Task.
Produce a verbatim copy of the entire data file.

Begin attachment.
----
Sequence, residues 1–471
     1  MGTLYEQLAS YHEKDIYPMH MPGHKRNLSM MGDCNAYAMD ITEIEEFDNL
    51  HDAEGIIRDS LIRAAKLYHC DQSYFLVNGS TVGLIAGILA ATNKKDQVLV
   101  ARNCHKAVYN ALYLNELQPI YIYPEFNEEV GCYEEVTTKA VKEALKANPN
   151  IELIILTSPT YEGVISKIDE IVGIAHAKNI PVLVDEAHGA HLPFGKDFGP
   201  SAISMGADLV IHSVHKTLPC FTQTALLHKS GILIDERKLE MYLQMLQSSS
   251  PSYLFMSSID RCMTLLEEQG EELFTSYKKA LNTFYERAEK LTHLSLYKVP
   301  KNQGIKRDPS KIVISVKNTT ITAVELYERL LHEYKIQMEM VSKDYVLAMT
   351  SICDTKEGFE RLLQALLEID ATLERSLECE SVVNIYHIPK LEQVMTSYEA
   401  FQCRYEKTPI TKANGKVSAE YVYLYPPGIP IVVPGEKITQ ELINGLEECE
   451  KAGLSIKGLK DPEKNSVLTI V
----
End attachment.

Sequence, residues 1–471
     1  MGTLYEQLAS YHEKDIYPMH MPGHKRNLSM MGDCNAYAMD ITEIEEFDNL
    51  HDAEGIIRDS LIRAAKLYHC DQSYFLVNGS TVGLIAGILA ATNKKDQVLV
   101  ARNCHKAVYN ALYLNELQPI YIYPEFNEEV GCYEEVTTKA VKEALKANPN
   151  IELIILTSPT YEGVISKIDE IVGIAHAKNI PVLVDEAHGA HLPFGKDFGP
   201  SAISMGADLV IHSVHKTLPC FTQTALLHKS GILIDERKLE MYLQMLQSSS
   251  PSYLFMSSID RCMTLLEEQG EELFTSYKKA LNTFYERAEK LTHLSLYKVP
   301  KNQGIKRDPS KIVISVKNTT ITAVELYERL LHEYKIQMEM VSKDYVLAMT
   351  SICDTKEGFE RLLQALLEID ATLERSLECE SVVNIYHIPK LEQVMTSYEA
   401  FQCRYEKTPI TKANGKVSAE YVYLYPPGIP IVVPGEKITQ ELINGLEECE
   451  KAGLSIKGLK DPEKNSVLTI V